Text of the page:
Charities under Fire; Complaints to Sector's Regulator Skyrocket since Console Scandal

Daily Mail (London), October 10, 2016 | Go to article overview

Charities under Fire; Complaints to Sector's Regulator Skyrocket since Console Scandal


Byline: Neil Michael Chief Reporter

On 10 October we carried a report on complaints against charities since June. Due to a production error, the published article wrongly stated that almost six out of ten charities have been the subject of a complaint. In fact, while there has been an increase in the percentage of complaints against charities, the Charities Regulator has confirmed that only 1.6% of charities have had a concern raised about them We are happy to make this clear and to apologise for this mistake.

COMPLAINTS about charities have shot up by almost 40% since the Console scandal in June.

Furthermore, almost six out of ten charities have been the subject of a complaint, new figures - released to the Mail - reveal.

The news comes just over a week after the sector's regulatory authority admitted that more than 40 Section 39 charities, which are partfunded by the HSE, had failed to even engage with it.

Every charity in the country should have been fully registered with the Charities Regulatory Authority by April last.

However, 2,500 of Ireland's estimated 12,500 charities have not registered - despite many warnings over the past two years.

Those that failed to meet the April registration deadline should no longer be operating as charities, and are not allowed to get a permit to collect money in public.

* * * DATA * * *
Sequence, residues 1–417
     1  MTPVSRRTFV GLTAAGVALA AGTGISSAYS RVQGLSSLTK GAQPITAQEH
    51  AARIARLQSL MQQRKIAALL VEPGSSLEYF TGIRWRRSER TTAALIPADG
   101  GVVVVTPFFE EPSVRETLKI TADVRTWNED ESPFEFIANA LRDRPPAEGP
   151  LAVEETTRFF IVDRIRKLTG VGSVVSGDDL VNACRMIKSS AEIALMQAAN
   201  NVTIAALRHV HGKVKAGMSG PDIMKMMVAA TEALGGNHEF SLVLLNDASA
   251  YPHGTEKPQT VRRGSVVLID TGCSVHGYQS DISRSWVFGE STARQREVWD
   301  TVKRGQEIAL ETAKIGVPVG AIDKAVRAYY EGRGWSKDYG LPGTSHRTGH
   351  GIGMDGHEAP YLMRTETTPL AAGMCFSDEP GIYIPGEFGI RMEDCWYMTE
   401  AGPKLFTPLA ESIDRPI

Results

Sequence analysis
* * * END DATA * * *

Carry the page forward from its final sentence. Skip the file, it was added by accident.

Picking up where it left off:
They can no longer apply for the same type of State funding they would have received as a charitable organisation, and they are no longer exempt from paying tax.

The charity regulator, John Farrelly, had been planning to publish the names of charities that fail to engage with the CRA, let alone complete their registration process.

However, that is now not likely to happen until next year. In the meantime, these charities are continuing to raise funds from the unsuspecting public. Last night Jonathan Irwin, founder and chief executive of the Jack & Jill Foundation, said the regulator should 'name and shame' S39 charities and stop being 'namby-pamby' about it.

Mr Irwin, who last June warned that Console was the 'tip of the iceberg', said: 'The latest figures which show complaints are up makes me more convinced than ever that Console is not an isolated case.

'I think Console has focused people's minds and has made people more suspicious of charities, and rightly so. …

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